All of these men ultimately report to Octopussy (Maud Adams, in her second Bond film), a seasoned jewel smuggler and head of Octopussy’s Circus Troupe. Octopussy has the rare distinction of starting the film as the Bond Villain and ending it as the Bond Girl. Sometimes a femme fatale has a change of heart (see May Day in A View to a Kill), but never the head villain. Thankfully, with multiple enemies to contend with, it’s a relatively smooth transition. Like Pussy Galore before her, she’s strong, capable, and survives a ridiculous name. Good on her.


If You Only Live Twice could be summed up as “James Bond Goes to Japan,” Octopussy could be “James Bond Goes to India.” At least, that’s how I always remember it, and then am disappointed to discover that Bond is really only in India for the first 45 or so minutes of the movie – he spends the same amount of time in East and West Germany. But it’s always India that leaves the lasting impressions for me, for better or for worse.

Bond’s ally in India is Vijay (played by tennis pro Vijay Amritraj), a delightfully jovial MI6 agent. In a strange bit of fourth-wall breaking, Vijay’s cover to meet Bond is that of a snake charmer, and the tune he plays on his flute to capture Bond’s attention? Monty Norman’s own “James Bond Theme.” Does this mean that this theme exists in the diegesis of the franchise? And Bond and other agents know about it? It’s an inexplicable touch, but one that’s best not to linger on.

NO TIME TO DIE Countdown: OCTOPUSSY Revisited
source: Metro-Goldwyn-Mayer

Once Gobinda gives chase to Bond and Vijay on the tuk-tuk vehicles, Octopussy devolves into a checklist of Indian clichés. Bond encounters no less than a guy on a bed of nails, a fire-breather, a sword swallower, and a guy walking on hot coals, and he uses each of their “eccentricities” to dispatch a pursuing foe. It’s an unfortunate blight on what’s otherwise a solid film. The ensuing safari chase fares a bit better, if only for thrusting Bond out of his element (and into the elements), but again, it’s almost undone by that goofy Tarzan yell he emits when swinging from vine to vine (that’s *two* audio gags in this movie that just don’t work).

Shame that Vijay doesn’t stick around for too long. He’s a rather pleasant ally to hang with, which makes his rather gruesome death doubly unfortunate (murdered by a yo-yo sawblade). But this allows Q to join the field, and he’s always a bit of fun to hang around far longer than what’s usually permitted. I gotta hand it to director John Glen for seeing the value in Desmond Llewelyn – Q’s two best features were ones he directed (this one and Licence to Kill). Octopussy also marks the first film with Robert Brown as M, filling in the big shoes Bernard Lee left behind. And he’s perfectly fine; he’s just not Bernard Lee.

Once the action shifts to Germany, things buckle down and become quite thrillingly awesome. There are multiple train chases, and Bond leads a one-man army against Orlov, the Soviet army, Kamal Khan, Gobinda, Octopussy’s Circus Troupe, and a bunch of angry German police. Bond interrogating Orlov gives us a glimpse at a darker Moore we don’t see much of, and his murder of Mischka and Grischka offers catharsis for the fallen 00 agent. Orlov gets gunned down, and all roads converge at the US Air Force base, where a circus is underway and a nuclear bomb is primed to explode.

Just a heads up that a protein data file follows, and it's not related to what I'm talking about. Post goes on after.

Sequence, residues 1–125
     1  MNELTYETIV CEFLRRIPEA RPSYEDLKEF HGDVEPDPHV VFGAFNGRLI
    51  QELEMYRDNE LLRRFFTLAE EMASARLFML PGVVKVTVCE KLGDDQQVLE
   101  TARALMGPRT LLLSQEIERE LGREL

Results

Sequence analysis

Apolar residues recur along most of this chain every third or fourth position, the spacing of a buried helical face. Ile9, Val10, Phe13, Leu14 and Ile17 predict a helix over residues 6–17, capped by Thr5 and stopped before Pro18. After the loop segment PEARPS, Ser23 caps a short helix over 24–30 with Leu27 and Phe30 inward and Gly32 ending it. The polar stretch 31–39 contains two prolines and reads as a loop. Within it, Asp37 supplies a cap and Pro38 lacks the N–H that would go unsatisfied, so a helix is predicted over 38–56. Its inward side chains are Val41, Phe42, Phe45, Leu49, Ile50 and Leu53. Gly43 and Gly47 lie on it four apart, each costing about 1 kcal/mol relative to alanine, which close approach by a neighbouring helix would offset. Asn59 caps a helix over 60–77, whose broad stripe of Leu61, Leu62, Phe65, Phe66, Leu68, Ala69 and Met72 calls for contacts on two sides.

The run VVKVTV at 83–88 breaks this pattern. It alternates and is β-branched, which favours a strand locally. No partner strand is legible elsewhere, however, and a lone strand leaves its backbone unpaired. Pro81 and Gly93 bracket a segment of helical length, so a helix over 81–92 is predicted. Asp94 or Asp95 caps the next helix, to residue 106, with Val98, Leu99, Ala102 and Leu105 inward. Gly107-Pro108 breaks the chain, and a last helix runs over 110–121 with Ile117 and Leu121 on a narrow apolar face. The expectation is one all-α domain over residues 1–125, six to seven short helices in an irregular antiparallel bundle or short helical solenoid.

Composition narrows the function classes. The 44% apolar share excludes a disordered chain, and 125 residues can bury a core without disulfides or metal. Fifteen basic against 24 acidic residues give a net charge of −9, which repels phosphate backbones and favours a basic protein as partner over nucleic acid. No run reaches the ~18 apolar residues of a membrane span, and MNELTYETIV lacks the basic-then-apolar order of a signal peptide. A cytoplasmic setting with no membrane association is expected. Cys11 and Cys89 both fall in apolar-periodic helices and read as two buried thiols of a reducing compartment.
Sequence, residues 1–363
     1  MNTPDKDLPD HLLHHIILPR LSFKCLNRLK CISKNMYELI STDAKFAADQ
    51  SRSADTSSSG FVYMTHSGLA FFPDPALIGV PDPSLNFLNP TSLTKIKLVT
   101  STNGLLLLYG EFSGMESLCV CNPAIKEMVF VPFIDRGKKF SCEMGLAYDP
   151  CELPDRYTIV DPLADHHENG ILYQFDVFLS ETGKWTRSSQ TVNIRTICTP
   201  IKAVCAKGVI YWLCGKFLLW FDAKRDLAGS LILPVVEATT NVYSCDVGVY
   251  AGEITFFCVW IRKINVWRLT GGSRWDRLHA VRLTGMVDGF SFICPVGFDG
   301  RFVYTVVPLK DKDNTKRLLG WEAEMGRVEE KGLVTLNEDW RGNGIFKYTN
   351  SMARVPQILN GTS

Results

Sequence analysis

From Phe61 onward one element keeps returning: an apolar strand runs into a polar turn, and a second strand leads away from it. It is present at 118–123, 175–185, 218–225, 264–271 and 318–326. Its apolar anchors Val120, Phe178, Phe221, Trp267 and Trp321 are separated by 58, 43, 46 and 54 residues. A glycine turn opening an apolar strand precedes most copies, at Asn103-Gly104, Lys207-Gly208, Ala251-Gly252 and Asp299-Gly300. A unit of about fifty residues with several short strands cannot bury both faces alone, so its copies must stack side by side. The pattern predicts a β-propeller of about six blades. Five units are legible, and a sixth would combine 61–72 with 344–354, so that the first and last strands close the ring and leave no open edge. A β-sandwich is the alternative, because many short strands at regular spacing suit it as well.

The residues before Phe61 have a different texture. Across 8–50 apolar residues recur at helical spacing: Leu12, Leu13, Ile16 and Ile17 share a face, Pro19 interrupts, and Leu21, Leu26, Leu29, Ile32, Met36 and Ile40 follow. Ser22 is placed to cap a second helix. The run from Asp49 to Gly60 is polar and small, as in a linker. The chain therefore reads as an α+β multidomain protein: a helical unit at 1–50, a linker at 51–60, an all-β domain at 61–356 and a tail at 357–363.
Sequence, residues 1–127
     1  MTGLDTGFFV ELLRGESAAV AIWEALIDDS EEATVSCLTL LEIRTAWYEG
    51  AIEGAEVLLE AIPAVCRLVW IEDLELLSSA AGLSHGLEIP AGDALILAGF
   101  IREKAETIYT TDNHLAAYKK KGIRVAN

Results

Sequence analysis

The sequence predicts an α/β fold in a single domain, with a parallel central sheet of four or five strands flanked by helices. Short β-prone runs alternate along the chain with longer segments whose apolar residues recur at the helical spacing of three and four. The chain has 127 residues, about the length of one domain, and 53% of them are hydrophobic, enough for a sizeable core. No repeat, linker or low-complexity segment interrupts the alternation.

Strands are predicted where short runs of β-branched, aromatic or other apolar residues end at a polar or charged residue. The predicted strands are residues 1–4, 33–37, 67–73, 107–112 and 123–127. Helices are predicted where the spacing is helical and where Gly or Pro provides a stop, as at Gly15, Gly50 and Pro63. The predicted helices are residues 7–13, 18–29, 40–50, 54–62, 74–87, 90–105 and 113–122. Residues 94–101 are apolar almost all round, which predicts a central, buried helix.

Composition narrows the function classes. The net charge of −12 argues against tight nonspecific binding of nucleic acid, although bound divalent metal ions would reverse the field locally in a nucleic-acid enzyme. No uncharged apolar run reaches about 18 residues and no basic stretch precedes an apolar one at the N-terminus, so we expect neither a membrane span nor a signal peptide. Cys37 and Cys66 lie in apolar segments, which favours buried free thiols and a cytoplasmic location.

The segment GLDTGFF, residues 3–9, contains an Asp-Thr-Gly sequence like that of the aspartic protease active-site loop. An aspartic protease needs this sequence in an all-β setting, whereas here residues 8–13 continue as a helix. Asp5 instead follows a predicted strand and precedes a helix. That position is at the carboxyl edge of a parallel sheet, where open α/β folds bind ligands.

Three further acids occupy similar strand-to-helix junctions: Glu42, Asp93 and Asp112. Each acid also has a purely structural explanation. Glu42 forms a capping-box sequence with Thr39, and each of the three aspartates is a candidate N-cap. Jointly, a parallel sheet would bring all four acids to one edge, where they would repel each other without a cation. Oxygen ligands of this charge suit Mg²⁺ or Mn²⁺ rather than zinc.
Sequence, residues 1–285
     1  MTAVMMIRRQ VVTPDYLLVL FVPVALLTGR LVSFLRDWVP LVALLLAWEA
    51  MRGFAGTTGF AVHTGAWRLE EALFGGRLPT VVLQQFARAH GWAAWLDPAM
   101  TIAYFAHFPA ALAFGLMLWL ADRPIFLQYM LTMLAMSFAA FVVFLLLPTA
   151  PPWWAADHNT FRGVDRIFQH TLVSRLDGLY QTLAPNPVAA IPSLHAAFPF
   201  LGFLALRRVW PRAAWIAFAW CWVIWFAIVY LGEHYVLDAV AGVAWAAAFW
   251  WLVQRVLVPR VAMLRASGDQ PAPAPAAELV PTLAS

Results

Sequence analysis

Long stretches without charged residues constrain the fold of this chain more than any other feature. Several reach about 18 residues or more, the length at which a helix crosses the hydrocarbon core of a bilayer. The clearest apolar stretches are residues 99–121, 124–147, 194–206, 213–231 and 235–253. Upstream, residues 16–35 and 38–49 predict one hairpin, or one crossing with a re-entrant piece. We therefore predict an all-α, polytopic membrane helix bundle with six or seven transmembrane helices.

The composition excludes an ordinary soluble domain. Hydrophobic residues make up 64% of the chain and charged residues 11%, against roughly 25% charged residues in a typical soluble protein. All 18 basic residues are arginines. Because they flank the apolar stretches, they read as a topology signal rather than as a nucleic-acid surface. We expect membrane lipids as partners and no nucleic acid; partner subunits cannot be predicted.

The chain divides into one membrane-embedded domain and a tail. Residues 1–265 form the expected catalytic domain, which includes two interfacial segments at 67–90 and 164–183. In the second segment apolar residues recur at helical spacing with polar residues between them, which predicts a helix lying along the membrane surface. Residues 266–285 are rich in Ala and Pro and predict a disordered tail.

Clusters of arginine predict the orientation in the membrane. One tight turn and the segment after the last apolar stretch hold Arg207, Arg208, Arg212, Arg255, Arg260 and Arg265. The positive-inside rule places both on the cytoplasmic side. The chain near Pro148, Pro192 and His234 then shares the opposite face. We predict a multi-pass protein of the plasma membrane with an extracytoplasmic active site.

NO TIME TO DIE Countdown: OCTOPUSSY Revisited
source: Metro-Goldwyn-Mayer

And then there’s the clown costume. Often Exhibit A when pinpointing this as Moore’s worst film, I’d like to instead take the opportunity to defend it. Yes, the clown makeup is a bit much, but it’s actually quite effective in this specific context. Bond uses it to disguise himself and get into the circus (remember: there are several groups of armed forces after him), hoping to get close to the US General and warn him of the bomb’s presence. It’s the fact that nobody takes him seriously is where the tension derives from. Once the nuke is unveiled, the silliness of the clown outfit immediately evaporates, and suddenly there’s a real danger to be had. And thankfully, Bond is there to stop it at the last possible second. Kudos to Moore for being the only Bond Actor who could pull any of this off.

Following the successful defusing of the bomb, Bond and Octopussy lead her circus troupe into a full-scale assault on Khan’s compound. It’s an exciting bit of business to cap off this caper – there are gymnasts vaulting over walls and around enemies necks; Bond machine guns a ton of guards while sliding down a banister rail, and even Q gets in on the action (and in on the action, if you catch my drift). The final plane sequence that leads to demises of Khan and Gobinda and the near-death rescue of Octopussy also excites. Another mission accomplished, James. Time to rest.


Roger Moore’s penultimate Bond film has a lot going on for it. There’s the good (strong villains, engaging setpieces), the bad (bizarre audio cues), and the ugly (racist Indian stuff). Some might say this is one of his weakest efforts; others champion it, perhaps boosted by fond, nostalgic memories. I remain very much fond of it. It’s an easy film to hate (and often paints a big target on its back encouraging you to do so), but it works perfectly as a piece of entertainment, where the good ultimately outweighs the bad.

Next time: the Battle of the Bonds concludes, as we take a look back at our second unofficial Bond film. The No Time To Die Countdown will return with Never Say Never Again.

What do you think? Should Octopussy have been Roger Moore’s final Bond film? Let us know your thoughts in the comments below.